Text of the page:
[0033] For example, the primary sub-category entitled “High” will have a secondary sub-category entitled “Required Information” associated with it as well as another secondary sub-category entitled “Weight.” For example, a “High” “Limited Level Of Interest” might have an associated “Required Information” consisting of: name; social security number; address; and phone, and an associated “Weight” of 0.3. Similarly, an “Average” “Limited Level Of Interest” might have an associated “Required Information” consisting of: name; social security number; and address, and an associated “Weight” of 0.2, while a “Low” “Limited Level Of Interest” might have an associated “Required Information” consisting of just the applicant's name and social security number, and an associated “Weight” of 0.1.

[0034] As discussed above, the “Weight” associated with each “Limited Level Of Interest” represents the value that the sum of all the weights assigned to various incentives offered to the applicant in order to motivate the applicant to share a limited amount of personal information, can not exceed. As shown in FIG. 4, step 410, depending on the financial institution's “Limited Level Of Interest” and its associated “Weight,” the system will prompt the customer service representative with the categories of incentives that are available to the applicant. And as shown in step 412, after the customer service representative listed the available incentives, and the customer service representative detailed the types and levels of incentives available to applicant as shown in step 414, the customer service representative would then, as shown in step 416, detail for the applicant the type of personal information required to qualify for the available incentives.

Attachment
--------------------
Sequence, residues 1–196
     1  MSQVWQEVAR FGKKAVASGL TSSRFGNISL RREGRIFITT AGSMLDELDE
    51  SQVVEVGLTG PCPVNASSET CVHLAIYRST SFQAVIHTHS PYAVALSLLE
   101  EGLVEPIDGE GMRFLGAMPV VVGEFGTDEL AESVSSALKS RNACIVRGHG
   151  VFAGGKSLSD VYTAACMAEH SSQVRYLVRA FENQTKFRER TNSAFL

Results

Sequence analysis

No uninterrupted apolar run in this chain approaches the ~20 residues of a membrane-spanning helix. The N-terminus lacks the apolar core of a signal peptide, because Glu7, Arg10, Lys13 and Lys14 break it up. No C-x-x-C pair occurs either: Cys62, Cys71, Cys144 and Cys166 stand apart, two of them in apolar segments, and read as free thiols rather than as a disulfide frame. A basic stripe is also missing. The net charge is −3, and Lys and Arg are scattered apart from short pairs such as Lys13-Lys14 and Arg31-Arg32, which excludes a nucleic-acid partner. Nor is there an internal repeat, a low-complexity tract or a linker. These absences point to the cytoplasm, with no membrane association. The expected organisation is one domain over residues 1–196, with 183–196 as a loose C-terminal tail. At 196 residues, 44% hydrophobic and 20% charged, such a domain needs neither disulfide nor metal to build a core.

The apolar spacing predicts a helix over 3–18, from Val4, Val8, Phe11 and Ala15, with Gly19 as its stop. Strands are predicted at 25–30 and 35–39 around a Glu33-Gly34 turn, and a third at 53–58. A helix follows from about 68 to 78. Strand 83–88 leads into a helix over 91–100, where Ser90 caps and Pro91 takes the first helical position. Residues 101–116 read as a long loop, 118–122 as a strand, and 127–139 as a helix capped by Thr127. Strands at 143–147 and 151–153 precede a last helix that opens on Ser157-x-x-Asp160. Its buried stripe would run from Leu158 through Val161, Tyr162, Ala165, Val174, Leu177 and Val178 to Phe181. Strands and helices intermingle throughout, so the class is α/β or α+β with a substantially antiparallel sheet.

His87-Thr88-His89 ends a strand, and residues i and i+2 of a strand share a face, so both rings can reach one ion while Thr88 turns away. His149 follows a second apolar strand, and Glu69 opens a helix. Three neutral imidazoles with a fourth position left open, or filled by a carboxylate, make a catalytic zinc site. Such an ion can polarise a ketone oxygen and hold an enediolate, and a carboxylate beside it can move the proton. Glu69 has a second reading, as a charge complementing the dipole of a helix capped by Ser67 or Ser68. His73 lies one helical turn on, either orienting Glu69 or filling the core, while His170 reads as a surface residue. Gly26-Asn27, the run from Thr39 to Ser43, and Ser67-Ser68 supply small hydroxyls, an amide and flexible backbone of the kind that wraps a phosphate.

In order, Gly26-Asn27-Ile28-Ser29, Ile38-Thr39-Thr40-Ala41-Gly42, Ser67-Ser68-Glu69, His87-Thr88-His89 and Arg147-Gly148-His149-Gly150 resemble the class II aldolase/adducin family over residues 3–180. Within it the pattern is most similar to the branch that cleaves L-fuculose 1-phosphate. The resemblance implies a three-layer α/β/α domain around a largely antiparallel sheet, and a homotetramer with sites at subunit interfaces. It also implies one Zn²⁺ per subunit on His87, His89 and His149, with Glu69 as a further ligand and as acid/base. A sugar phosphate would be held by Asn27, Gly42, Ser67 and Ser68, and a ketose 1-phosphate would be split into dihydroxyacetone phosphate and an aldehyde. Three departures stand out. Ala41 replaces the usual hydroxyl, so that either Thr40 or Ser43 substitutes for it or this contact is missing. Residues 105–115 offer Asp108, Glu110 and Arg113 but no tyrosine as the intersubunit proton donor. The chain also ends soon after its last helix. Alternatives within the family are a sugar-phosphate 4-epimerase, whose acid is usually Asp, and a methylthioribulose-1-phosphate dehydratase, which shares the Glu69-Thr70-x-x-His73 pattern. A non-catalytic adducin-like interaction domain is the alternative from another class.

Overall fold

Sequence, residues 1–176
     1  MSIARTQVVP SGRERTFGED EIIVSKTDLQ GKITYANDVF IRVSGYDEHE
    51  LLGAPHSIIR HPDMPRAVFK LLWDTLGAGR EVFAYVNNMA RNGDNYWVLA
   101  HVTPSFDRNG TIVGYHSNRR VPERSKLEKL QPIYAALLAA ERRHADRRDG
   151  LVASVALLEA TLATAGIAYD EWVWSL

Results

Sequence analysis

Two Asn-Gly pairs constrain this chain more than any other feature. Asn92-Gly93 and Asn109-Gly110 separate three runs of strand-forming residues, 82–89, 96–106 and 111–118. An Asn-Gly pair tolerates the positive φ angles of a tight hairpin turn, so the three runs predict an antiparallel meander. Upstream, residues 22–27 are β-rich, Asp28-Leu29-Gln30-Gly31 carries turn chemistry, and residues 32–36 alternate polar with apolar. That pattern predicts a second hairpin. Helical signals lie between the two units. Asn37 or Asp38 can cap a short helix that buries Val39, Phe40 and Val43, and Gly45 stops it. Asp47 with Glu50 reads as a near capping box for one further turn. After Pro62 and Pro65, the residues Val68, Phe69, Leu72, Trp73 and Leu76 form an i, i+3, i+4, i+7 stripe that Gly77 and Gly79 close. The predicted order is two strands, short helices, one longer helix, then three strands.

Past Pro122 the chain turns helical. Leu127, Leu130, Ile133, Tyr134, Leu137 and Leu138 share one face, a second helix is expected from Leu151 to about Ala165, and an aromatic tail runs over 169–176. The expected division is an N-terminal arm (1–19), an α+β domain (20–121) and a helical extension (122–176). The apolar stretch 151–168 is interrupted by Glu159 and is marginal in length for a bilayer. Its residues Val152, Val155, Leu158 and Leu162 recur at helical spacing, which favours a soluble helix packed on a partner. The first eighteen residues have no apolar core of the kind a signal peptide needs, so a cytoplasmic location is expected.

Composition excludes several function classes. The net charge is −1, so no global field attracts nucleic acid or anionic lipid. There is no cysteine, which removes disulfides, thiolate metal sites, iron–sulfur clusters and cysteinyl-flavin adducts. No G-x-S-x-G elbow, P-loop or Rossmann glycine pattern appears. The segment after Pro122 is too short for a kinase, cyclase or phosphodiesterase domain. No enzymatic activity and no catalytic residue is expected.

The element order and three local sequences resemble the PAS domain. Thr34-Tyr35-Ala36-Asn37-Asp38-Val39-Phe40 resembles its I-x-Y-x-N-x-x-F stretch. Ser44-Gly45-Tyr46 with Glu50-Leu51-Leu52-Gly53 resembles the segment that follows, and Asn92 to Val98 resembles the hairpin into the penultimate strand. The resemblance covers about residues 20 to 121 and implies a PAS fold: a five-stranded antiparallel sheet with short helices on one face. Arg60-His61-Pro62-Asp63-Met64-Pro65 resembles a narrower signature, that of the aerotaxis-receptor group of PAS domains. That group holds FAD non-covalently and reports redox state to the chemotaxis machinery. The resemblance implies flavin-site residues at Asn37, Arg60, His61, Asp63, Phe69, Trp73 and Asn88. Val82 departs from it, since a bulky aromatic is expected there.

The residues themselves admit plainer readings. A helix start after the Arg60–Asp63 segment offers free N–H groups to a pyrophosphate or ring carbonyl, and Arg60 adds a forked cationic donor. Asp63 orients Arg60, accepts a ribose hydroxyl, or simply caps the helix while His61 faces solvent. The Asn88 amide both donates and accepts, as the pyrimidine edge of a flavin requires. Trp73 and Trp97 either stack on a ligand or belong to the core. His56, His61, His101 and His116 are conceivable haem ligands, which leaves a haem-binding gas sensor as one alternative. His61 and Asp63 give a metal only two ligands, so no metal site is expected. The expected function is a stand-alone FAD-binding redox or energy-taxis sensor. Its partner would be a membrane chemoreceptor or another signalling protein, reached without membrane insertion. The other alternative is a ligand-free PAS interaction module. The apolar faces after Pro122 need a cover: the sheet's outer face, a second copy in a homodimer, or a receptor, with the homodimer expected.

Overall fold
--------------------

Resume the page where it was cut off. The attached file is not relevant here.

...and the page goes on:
[0035] For example, after the system determined that the financial institution's “Limited Level Of Interest” in obtaining partial amounts of personal information was “Low,” the customer service representative would inform the applicant that in order to qualify for any of the incentive(s) that equaled the weight of 0.1 the applicant would have to agree to allow the financial institution to share at least their name and social security number with third party financial institutions. However, if the financial institution's “Limited Level Of Interest” in acquiring the partial information were “High,” the weight of 0.3 would require that the applicant agree to allow to share, at least, for example, their name, social security number, address and phone number.

[0036] As discussed above, the customer service representative might be able to offer varying permutations of incentives, so long as the sum of the assigned weight of all the incentives does not exceed the weight assigned to the financial institution's “Limited Level Of Interest.”

[0037] According to a further preferred embodiment of the invention, the system and method of the present invention may further include steps to monitor the success in motivating applicants from not opting out, and making adjustments to its level of interest when needed. Accordingly, a company employing the present invention may adjust its factors for awarding incentives so to either decrease the number of applicants opting out, or to decrease the level of incentives it gives away.

[0038] As shown in FIG. 6, monitoring the financial institution's success may begin as shown in step 602 by the financial institution setting the value of the Internal Goal according to any number of parameters. For example, if the financial institution did not offer any incentives to its applicants, its opt out rate may match that of the industry average. Because the inventive system and method allows the financial institution to induce individuals to participate by offering them incentives, the financial institution might set its Internal Goal of achieving an opt out rate of the average rate for the industry minus 10 percent, or another level.

[0039] After setting the “Internal Goal,” the system and method may check the “Monitoring Value,” as shown in step 604. The “Monitoring Value” may correspond to the number of individuals that exercise the opt out option. The greater the opt out rate, the higher the “Monitoring Value.” By keeping track of the rate at which applicants choose to not allow the financial institution to share their private and financial information with other financial institutions, that financial institution can determine whether it is meeting its “Internal Goal” of attracting applicants to participate.